3. Understand how much your business rely on JobKeeper
This may seem obvious but there are a few angles here. Consider first your own business. Let’s say you employ 10 staff who are JobKeeper eligible. That’s $30K in your bank account every month. If you didn’t have that $30K what would be the impact on your business? Perhaps you’d have to let some of them go. But then who does the work? Does that mean you’d have to drop customers? Or worse, you’ll lose customers due to poor or slow service and equally lose reputation?
Now let’s look at this from a different perspective. Are you a business (such as an accountant or bookkeeper) who is busier at present because you’re helping clients manage JobKeeper. Presumably, in some way, shape or form you are being fiscally covered for this time. What is that worth to you on your own books? Gosh, I do hope you’re tracking that income separately so that you can accurately answer this question. When that stops, that service you’ve offered will stop. Are you ready for that?
And yet, there is another angle. You are a business out there who is supplying to other businesses. Those businesses are able to use your service because they have that extra cash. Once they lose that funding, and even presumably lose some staff (and possibly then some clients) how will that domino effect impact on you? This is not meant to be all about doom and gloom, but the smart business owner acknowledges these situations and will develop a strategy to anticipate the coming months, rather than simply being reactive.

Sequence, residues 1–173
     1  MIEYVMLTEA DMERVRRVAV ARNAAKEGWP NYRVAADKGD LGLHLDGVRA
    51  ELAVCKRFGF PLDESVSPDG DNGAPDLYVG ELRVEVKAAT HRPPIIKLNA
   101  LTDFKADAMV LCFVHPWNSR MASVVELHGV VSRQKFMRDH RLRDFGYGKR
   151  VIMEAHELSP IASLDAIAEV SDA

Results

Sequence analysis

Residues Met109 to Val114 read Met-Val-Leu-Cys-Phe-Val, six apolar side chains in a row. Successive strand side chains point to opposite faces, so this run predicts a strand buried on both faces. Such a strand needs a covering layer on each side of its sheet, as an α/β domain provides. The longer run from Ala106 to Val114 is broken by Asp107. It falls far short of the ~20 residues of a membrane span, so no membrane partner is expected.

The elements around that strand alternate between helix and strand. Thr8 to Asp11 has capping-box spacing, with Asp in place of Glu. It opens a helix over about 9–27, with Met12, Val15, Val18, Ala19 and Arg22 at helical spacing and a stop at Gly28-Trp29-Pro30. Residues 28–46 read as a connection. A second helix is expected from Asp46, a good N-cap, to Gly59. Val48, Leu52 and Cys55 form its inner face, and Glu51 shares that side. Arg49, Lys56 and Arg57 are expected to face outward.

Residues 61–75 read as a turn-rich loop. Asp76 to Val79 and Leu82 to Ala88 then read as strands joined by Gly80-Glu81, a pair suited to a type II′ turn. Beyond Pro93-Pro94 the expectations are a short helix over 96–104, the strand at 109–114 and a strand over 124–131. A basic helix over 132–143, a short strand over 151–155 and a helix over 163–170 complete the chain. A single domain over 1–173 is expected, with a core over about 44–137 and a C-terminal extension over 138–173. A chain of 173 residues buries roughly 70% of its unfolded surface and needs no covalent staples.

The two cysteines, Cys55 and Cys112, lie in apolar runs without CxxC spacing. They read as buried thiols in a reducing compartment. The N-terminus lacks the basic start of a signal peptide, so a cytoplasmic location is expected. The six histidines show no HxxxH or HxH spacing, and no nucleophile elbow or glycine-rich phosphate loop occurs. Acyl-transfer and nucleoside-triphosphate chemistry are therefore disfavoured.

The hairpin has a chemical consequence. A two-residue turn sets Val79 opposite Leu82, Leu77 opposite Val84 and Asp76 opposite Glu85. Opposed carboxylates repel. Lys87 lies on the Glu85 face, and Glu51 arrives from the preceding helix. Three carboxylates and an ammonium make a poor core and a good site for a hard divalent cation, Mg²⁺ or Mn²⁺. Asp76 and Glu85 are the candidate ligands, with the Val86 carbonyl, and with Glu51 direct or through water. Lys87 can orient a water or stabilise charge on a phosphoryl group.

4. Adjust how you do business
Some businesses need to adjust how they do business. If you are retail and people are not wanting (or legally are unable) to enter your premises, then it makes perfect sense to move to online. I’ve been having this discussion with my business coaching clients well before March. People’s buying habits are changing and Covid just fast-tracked this change. If you are very niched and doing business with one region, country, industry, segment – then you are at high risk. One sector goes down and you’re done! That’s what I love about small businesses, they are generally able to be flexible and respond to changed situations quickly. Consequently, you may also expand your market share and expand into other states, or even other countries; especially if you are online.